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Interleukine-6 in critically ill COVID-19 patients: A retrospective analysis

  • Julie Gorham,

    Roles Conceptualization, Investigation, Writing – original draft

    Affiliation Department of Intensive Care, Erasme Hospital, Université Libre de Bruxelles (ULB), Brussels, Belgium

  • Anthony Moreau,

    Roles Data curation, Investigation, Project administration, Supervision

    Affiliation Department of Intensive Care, Erasme Hospital, Université Libre de Bruxelles (ULB), Brussels, Belgium

  • Francis Corazza,

    Roles Data curation, Project administration, Validation, Writing – review & editing

    Affiliation Department of Immunology, Laboratoire Hospitalier Universitaire de Bruxelles (LHUB-ULB), Translational Research, Campus Horta, ULB, Brussels, Belgium

  • Lorenzo Peluso ,

    Roles Formal analysis, Investigation, Writing – review & editing

    lorenzopeluso80@gmail.com

    Affiliation Department of Intensive Care, Erasme Hospital, Université Libre de Bruxelles (ULB), Brussels, Belgium

  • Fanny Ponthieux,

    Roles Data curation, Investigation, Supervision, Writing – review & editing

    Affiliation Department of Immunology, Laboratoire Hospitalier Universitaire de Bruxelles (LHUB-ULB), Translational Research, Campus Horta, ULB, Brussels, Belgium

  • Marta Talamonti,

    Roles Investigation, Methodology, Writing – review & editing

    Affiliation Department of Intensive Care, Erasme Hospital, Université Libre de Bruxelles (ULB), Brussels, Belgium

  • Antonio Izzi,

    Roles Investigation, Validation

    Affiliation Department of Intensive Care, Erasme Hospital, Université Libre de Bruxelles (ULB), Brussels, Belgium

  • Carole Nagant,

    Roles Investigation, Supervision, Writing – review & editing

    Affiliation Department of Immunology, Laboratoire Hospitalier Universitaire de Bruxelles (LHUB-ULB), Translational Research, Campus Horta, ULB, Brussels, Belgium

  • Narcisse Ndieugnou Djangang,

    Roles Formal analysis, Investigation

    Affiliation Department of Intensive Care, Erasme Hospital, Université Libre de Bruxelles (ULB), Brussels, Belgium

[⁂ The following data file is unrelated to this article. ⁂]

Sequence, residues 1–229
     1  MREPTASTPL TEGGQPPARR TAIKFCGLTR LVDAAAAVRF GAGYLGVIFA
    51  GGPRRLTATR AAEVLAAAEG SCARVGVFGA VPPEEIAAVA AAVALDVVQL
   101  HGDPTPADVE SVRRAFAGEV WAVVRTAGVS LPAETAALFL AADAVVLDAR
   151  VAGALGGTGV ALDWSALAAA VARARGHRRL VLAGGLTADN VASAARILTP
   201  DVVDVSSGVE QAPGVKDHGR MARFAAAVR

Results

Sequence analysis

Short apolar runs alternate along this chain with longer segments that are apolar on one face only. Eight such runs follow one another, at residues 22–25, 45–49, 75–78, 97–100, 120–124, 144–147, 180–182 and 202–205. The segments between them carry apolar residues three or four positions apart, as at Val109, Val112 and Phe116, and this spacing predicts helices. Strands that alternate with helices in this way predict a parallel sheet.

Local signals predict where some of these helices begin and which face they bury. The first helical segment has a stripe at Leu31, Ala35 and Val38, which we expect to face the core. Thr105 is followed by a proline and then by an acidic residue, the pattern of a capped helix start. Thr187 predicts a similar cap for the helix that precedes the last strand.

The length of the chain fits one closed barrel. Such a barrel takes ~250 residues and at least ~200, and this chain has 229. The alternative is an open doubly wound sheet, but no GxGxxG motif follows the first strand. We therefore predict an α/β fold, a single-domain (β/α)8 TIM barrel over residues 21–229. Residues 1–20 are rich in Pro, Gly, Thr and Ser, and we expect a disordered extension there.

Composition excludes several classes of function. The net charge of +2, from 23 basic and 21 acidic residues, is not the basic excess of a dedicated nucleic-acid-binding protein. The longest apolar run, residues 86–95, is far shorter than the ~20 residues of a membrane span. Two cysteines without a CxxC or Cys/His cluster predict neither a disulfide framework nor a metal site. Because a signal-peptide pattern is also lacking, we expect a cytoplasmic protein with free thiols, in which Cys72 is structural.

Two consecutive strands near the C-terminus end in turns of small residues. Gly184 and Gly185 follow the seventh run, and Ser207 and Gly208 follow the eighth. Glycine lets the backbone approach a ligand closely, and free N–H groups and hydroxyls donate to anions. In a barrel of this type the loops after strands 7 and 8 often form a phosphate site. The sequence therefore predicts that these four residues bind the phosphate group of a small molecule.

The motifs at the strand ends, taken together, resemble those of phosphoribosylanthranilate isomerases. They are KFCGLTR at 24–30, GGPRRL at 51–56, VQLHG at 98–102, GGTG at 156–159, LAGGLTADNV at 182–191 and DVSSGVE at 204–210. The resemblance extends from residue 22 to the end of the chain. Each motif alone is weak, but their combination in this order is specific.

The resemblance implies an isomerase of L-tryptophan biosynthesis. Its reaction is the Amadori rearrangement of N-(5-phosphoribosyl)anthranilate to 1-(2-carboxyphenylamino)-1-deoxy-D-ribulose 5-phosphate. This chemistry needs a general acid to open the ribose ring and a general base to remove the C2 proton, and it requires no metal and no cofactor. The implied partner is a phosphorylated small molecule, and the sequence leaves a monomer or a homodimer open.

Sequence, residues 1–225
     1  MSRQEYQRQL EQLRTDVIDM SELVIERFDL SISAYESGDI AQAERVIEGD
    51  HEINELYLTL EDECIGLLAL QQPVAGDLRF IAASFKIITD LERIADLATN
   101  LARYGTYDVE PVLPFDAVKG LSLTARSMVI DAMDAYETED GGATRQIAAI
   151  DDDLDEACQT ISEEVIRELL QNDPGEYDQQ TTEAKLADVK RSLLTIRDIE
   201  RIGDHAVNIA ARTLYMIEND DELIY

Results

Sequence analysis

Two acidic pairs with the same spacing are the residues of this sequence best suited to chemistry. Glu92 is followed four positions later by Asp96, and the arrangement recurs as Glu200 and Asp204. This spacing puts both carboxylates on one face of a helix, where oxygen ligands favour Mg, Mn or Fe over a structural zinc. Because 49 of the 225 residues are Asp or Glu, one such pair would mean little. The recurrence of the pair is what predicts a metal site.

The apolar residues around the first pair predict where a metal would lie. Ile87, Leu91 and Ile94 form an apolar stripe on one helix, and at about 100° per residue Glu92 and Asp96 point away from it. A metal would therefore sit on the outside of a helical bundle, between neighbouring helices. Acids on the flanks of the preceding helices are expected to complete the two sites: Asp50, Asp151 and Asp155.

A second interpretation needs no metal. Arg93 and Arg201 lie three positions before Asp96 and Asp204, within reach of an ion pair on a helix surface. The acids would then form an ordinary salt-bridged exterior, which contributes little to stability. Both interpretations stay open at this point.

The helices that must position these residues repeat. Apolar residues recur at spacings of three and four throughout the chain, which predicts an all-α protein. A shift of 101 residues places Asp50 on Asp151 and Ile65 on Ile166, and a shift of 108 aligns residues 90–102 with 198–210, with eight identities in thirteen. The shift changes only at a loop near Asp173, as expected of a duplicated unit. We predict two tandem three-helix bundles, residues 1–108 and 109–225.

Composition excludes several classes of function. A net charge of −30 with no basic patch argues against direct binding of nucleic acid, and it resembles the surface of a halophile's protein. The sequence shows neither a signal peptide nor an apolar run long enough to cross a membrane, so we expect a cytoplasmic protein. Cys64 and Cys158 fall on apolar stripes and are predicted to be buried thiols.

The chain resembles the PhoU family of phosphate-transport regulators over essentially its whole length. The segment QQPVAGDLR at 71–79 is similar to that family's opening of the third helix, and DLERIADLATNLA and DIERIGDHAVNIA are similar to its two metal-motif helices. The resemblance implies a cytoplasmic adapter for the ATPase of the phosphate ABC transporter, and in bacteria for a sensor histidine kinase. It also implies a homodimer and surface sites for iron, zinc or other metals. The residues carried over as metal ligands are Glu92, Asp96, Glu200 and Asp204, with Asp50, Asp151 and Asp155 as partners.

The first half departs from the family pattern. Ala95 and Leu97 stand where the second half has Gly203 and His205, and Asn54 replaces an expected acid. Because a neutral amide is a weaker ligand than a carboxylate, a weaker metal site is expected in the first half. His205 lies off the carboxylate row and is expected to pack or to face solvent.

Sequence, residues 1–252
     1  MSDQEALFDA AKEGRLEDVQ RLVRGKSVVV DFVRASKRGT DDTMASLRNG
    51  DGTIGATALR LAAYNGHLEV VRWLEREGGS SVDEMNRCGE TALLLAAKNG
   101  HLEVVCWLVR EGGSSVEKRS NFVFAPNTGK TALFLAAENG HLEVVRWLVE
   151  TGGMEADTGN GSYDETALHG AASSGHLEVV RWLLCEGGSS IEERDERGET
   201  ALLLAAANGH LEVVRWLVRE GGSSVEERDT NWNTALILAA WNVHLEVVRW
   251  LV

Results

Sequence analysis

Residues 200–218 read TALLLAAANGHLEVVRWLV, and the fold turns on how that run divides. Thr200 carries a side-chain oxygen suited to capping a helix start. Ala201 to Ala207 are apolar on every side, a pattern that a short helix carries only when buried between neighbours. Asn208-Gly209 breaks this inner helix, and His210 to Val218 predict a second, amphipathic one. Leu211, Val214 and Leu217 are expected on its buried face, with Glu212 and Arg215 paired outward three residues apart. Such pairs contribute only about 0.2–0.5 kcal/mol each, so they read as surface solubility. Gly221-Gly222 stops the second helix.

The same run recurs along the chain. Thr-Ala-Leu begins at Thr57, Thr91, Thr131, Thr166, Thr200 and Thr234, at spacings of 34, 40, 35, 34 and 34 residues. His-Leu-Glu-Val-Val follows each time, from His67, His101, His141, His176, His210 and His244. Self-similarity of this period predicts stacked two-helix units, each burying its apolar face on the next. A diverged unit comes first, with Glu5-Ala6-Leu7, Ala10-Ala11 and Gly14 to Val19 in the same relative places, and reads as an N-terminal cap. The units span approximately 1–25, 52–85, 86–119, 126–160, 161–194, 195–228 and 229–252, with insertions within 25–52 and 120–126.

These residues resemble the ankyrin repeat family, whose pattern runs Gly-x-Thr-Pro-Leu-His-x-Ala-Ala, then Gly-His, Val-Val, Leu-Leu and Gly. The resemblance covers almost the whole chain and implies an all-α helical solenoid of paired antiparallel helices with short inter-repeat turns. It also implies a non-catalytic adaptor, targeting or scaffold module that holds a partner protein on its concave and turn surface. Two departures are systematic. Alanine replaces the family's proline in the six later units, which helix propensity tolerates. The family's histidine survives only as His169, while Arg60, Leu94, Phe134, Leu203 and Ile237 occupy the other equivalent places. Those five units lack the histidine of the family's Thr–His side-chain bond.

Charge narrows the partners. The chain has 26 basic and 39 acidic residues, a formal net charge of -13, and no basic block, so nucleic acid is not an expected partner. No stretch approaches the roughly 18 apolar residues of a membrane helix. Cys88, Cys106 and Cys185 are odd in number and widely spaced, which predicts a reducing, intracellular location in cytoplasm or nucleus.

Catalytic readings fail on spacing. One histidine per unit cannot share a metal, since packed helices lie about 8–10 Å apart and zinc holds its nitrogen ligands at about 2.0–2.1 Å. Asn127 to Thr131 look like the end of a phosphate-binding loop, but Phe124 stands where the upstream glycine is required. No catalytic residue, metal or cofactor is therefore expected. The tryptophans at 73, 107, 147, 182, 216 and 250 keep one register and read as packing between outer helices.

• Alessandra Garufi,

    Roles Data curation, Investigation

    Affiliation Department of Intensive Care, Erasme Hospital, Université Libre de Bruxelles (ULB), Brussels, Belgium

  • Jacques Creteur,

    Roles Data curation, Supervision, Validation, Writing – review & editing

    Affiliation Department of Intensive Care, Erasme Hospital, Université Libre de Bruxelles (ULB), Brussels, Belgium

  • Fabio Silvio Taccone

    Roles Conceptualization, Formal analysis, Investigation, Writing – original draft

    Affiliation Department of Intensive Care, Erasme Hospital, Université Libre de Bruxelles (ULB), Brussels, Belgium

Interleukine-6 in critically ill COVID-19 patients: A retrospective analysis

  • Julie Gorham, 
  • Anthony Moreau, 
  • Francis Corazza, 
  • Lorenzo Peluso, 
  • Fanny Ponthieux, 
  • Marta Talamonti, 
  • Antonio Izzi, 
  • Carole Nagant, 
  • Narcisse Ndieugnou Djangang, 
  • Alessandra Garufi
PLOS
x

Abstract

Introduction

Coronavirus disease 2019 (COVID-19) appeared in China in December 2019 and has spread around the world. High Interleukin-6 (IL-6) levels in COVID-19 patients suggest that a cytokine storm may play a major role in the pathophysiology and are considered as a relevant parameter in predicting most severe course of disease.

The aim of this study was to assess repeated IL-6 levels in critically ill COVID-19 patients admitted to our Intensive Care Unit (ICU) and to evaluate their relationship with patient’s severity and outcome.

Methods

We conducted a retrospective study on patients admitted to the ICU with a diagnosis of COVID-19 between March 10 (i.e. the date of the first admitted patients) and April 30, 2020. Demographic, clinical and laboratory data were collected at admission. On the day of IL-6 blood concentration measurement, we also collected results of D-Dimers, C-Reactive Protein, white blood cells and lymphocytes count, lactate dehydrogenase (LDH) and ferritin as well as microbiological samples, whenever present.